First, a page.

Change begins with a recognition of who is responsible for the MTA. The State of New York runs the MTA. The Governor of New York appoints the leadership of the MTA. It’s clear — the State of New York controls the personnel of the MTA.

Taking responsibility is the first step towards a solution. The State of New York controls the budget of the MTA. It’s clear that if we’re going to get it right, if the MTA is going to right work for everyday New Yorkers, the State has to continue to acknowledge its responsibility and, in fact, take fuller responsibility.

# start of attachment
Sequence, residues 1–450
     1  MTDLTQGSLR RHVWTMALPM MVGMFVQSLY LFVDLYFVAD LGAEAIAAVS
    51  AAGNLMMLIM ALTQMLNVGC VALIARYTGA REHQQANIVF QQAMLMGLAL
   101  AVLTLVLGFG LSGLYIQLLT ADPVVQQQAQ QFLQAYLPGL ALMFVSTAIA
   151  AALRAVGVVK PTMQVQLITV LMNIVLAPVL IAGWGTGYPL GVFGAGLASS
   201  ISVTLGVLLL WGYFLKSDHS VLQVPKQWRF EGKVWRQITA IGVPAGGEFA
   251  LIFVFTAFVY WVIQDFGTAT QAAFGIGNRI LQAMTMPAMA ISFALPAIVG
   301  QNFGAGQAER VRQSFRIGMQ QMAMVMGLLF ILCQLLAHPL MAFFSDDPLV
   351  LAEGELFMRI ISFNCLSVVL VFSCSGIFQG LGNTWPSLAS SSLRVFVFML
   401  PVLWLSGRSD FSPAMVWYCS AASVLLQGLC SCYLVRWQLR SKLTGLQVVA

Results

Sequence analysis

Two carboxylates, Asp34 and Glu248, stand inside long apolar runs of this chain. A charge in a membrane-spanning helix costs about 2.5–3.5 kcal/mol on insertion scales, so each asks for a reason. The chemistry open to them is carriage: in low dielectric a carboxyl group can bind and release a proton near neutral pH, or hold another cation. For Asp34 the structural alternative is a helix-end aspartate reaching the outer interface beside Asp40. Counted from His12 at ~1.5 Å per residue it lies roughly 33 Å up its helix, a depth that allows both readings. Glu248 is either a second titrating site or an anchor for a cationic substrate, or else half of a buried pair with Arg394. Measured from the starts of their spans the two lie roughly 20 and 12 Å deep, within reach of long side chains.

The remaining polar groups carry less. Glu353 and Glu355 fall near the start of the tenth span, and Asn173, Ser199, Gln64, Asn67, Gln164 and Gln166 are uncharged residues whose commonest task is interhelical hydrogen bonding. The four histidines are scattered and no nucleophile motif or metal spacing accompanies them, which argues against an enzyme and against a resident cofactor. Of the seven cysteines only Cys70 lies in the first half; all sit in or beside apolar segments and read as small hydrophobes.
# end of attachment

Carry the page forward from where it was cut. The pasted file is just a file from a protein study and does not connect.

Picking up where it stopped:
The people of New York City have paid into the MTA over and over again and have not gotten their fair share back. There’s always been an imbalance, and it has to be addressed for the long term good of this city and the region and the state. When you think about the history of unfairness, when you think about what New Yorkers give to the MTA every single year — in a typical year, $10.5 billion from New York City residents and people in New York City, contributing to the MTA through their fares, their tolls, and so many other ways. That’s about two-thirds of the operating budget right there before you talk about all the other things that the City of New York does to support the MTA. Notably, the $2.5 billion in capital funds we devoted two years ago to the MTA, not because we were obliged to but because we thought it was the right thing to do.